Abstract: Conflict over the extraction of water from rivers in southern Guatemala was on the brink of violence in 2016. Even though the conflict started over 25 years before, an El Niño-triggered drought played a role in the escalation of conflict. This presentation will provide information on the relationship between precipitation during the rainy season and river flow levels in the subsequent dry season. It explains critical levels of flow in 2016 associated to the very strong El Niño event that took place all through 2015, and how it triggered nearly violent actions. The paper also explains how conflict was managed and led to better water governance in the region. With one of the lowest scores in the level of Integrated Water Resource Management in the continent, Guatemala is likely to face higher levels of conflict despite having abundant water resources. Extreme events, both in terms of drought and flooding, can trigger escalation in water conflicts. The successful case of the rivers in southern Guatemala over five years (2016 to 2021) can provide lessons to advance in water security. Not only has conflict reached low levels but restoration of river flow, restoration of riparian forests, more rational water use, as well as improved community access to rivers have derived. This case can serve as an example of what authors such as Wolf have found in terms of water conflicts around the world, that crises bring about cooperation rather than war, which is radically different from the generalized notion that water wars will be common in the future.

Biography: Alex Guerra has been the General Director of the Climate Change Research Institute in Guatemala since 2010. He holds a Master’s in Water Science, Policy and Management and a PhD in Geography and the Environment, both from the University of Oxford, UK. Alex was a lecturer at a master’s program at the Del Valle University in Guatemala from 2012 to 2017. Previously he worked as a researcher in water resources at the Sierra de las Minas Biosphere Reserve. He is a Young Affiliate Member of TWAS LACREP 2018, and a member of the National Academy of Medical, Physical and Natural Sciences of Guatemala since 2015. He is author or co-author of several publications on disaster risk, water resources and climate change mitigation and adaptation. In the past two years, he has been the chair of the Guatemalan National Science System on Climate Change (SGCCC).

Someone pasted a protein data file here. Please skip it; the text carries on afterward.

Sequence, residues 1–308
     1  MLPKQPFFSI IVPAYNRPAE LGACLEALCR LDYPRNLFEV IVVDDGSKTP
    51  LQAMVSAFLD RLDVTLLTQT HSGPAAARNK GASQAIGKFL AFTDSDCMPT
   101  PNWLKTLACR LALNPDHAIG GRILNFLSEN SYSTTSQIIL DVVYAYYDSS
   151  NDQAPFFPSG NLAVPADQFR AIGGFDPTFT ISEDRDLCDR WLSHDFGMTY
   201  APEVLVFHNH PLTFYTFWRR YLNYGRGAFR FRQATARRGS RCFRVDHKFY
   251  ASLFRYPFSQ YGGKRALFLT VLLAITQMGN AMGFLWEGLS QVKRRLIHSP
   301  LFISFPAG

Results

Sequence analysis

Email: aguerra@icc.org.gt


John Schwartz, Ph.D.

Professor, Department of Civil and Environmental Engineering and Director of Tennessee Water Resources Research Center, University of Tennessee – Knoxville, Tennessee